#72: Prozac Cures Lazy Eye

The antidepressent might be the answer to wiping out amblyopia for good.

By Nicholas Bakalar|Tuesday, December 09, 2008

Italian researchers may have found a drug to treat amblyopia, or lazy eye. A study published in April in Science has demonstrated that Prozac, or fluoxetine, has one clear beneficial effect on the disorder, at least in rats: It can promote plasticity in the vision-processing part of the brain, a phenomenon formerly observed only in early development.

In children with amblyopia, one eye does not receive enough visual input, which causes the other eye to take over most of the visual processing in the brain. If the input problem is not corrected early in childhood, when the brain is still malleable, it can lead to permanently defective vision or blindness in one eye.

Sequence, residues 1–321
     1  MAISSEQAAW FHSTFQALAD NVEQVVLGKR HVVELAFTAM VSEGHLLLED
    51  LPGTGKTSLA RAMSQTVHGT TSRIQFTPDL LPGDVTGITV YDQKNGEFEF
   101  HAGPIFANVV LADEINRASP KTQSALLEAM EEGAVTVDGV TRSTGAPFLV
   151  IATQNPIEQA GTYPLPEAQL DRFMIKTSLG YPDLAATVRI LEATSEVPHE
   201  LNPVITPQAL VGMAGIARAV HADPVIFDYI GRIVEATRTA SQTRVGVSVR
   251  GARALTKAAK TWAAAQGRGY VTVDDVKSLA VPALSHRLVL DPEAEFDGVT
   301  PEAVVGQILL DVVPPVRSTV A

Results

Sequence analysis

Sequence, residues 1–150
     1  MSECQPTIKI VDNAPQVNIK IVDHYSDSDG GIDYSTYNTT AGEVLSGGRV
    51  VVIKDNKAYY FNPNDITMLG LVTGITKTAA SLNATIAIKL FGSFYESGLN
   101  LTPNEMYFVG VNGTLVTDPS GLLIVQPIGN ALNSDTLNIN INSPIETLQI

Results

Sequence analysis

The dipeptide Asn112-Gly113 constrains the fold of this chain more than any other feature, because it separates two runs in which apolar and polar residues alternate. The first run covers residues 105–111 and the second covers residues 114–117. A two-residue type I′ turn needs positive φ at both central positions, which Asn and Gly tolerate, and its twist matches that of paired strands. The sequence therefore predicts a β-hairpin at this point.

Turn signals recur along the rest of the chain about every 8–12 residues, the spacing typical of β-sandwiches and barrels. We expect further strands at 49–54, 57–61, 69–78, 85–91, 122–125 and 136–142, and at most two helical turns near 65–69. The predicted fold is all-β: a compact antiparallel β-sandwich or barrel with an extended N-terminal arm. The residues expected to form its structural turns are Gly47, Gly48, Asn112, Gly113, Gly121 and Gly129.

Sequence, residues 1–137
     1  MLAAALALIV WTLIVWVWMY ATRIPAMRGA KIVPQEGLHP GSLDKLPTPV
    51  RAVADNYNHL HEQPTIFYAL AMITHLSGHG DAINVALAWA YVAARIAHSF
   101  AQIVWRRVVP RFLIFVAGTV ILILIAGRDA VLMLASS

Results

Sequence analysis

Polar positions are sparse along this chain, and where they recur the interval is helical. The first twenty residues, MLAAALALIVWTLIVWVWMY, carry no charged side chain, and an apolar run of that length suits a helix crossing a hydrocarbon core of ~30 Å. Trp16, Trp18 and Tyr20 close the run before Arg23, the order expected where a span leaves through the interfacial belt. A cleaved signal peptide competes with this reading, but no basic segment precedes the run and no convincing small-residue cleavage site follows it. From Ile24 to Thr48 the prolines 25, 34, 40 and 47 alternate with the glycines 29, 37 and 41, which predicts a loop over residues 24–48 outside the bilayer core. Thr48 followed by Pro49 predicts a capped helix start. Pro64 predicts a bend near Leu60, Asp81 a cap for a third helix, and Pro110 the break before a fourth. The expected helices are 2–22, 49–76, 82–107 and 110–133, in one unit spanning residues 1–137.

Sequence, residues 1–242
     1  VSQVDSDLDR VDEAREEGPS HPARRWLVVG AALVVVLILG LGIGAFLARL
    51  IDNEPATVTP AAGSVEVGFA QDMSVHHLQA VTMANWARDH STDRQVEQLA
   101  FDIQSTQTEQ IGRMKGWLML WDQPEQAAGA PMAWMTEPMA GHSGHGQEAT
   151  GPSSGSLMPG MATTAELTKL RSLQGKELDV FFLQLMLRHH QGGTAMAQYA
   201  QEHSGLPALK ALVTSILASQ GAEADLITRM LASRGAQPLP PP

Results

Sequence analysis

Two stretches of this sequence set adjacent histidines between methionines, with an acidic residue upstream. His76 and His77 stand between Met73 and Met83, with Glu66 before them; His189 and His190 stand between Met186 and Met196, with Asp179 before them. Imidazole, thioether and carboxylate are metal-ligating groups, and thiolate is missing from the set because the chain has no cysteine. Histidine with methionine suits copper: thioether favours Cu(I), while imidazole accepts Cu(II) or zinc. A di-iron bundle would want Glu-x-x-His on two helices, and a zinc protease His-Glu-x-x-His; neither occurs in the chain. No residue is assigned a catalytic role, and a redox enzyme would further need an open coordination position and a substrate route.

In a two-part study of adult rats treated with fluoxetine at levels comparable to those of people treated for depression, the scientists both induced amblyopia and cured it. First they sealed one eye, essentially instigating a case of untreatable lazy eye in an adult animal. In a second stage, they sealed the good eye of adult rats that had amblyopia. Over the four-week period of treatment with fluoxetine, the rats recovered full vision and behaved as normally sighted animals do.

The mechanism of the rats’ recovery from amblyopia is uncertain, but the researchers believe that fluoxetine opens pathways to genes that regulate plasticity, allowing modification of neuronal circuitry in the adult animal’s brain. Changing the brain circuitry improves or restores vision.

Whether the same effect could be attained in the much more complex nervous systems of adult humans is unknown, says José Fernando Maya Vetencourt, the lead author of the study and a researcher in neurobiology at the Scuola Normale Superiore in Pisa, Italy. “We’re working with adult amblyopic patients to evaluate the possibility,” he says, “but it will take us a few years before we can draw any conclusion.” Maya Vetencourt adds that the findings may also shed light on the treatment effects of antidepressants and on the pathophysiology of mood disorders.

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